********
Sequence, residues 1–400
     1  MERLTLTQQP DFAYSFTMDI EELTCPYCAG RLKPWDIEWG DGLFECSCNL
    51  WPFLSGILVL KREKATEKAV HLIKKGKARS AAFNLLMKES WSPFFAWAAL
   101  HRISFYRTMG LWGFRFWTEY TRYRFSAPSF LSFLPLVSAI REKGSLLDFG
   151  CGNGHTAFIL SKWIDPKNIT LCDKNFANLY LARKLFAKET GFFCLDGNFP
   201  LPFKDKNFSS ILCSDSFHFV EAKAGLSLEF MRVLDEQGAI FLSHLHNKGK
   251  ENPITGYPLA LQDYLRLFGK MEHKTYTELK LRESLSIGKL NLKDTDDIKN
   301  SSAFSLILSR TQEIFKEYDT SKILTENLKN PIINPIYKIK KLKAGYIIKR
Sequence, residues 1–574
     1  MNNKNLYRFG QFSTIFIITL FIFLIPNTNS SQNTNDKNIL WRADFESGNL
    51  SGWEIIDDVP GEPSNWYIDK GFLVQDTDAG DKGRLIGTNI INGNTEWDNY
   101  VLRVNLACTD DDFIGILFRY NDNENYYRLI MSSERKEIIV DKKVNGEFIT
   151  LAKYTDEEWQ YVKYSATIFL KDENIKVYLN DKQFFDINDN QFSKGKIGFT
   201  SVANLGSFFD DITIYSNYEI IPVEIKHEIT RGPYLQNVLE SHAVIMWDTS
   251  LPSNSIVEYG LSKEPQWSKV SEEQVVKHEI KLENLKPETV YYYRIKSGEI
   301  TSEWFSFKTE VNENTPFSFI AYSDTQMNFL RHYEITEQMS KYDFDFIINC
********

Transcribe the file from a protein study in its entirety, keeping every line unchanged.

Sequence, residues 1–400
     1  MERLTLTQQP DFAYSFTMDI EELTCPYCAG RLKPWDIEWG DGLFECSCNL
    51  WPFLSGILVL KREKATEKAV HLIKKGKARS AAFNLLMKES WSPFFAWAAL
   101  HRISFYRTMG LWGFRFWTEY TRYRFSAPSF LSFLPLVSAI REKGSLLDFG
   151  CGNGHTAFIL SKWIDPKNIT LCDKNFANLY LARKLFAKET GFFCLDGNFP
   201  LPFKDKNFSS ILCSDSFHFV EAKAGLSLEF MRVLDEQGAI FLSHLHNKGK
   251  ENPITGYPLA LQDYLRLFGK MEHKTYTELK LRESLSIGKL NLKDTDDIKN
   301  SSAFSLILSR TQEIFKEYDT SKILTENLKN PIINPIYKIK KLKAGYIIKR
Sequence, residues 1–574
     1  MNNKNLYRFG QFSTIFIITL FIFLIPNTNS SQNTNDKNIL WRADFESGNL
    51  SGWEIIDDVP GEPSNWYIDK GFLVQDTDAG DKGRLIGTNI INGNTEWDNY
   101  VLRVNLACTD DDFIGILFRY NDNENYYRLI MSSERKEIIV DKKVNGEFIT
   151  LAKYTDEEWQ YVKYSATIFL KDENIKVYLN DKQFFDINDN QFSKGKIGFT
   201  SVANLGSFFD DITIYSNYEI IPVEIKHEIT RGPYLQNVLE SHAVIMWDTS
   251  LPSNSIVEYG LSKEPQWSKV SEEQVVKHEI KLENLKPETV YYYRIKSGEI
   301  TSEWFSFKTE VNENTPFSFI AYSDTQMNFL RHYEITEQMS KYDFDFIINC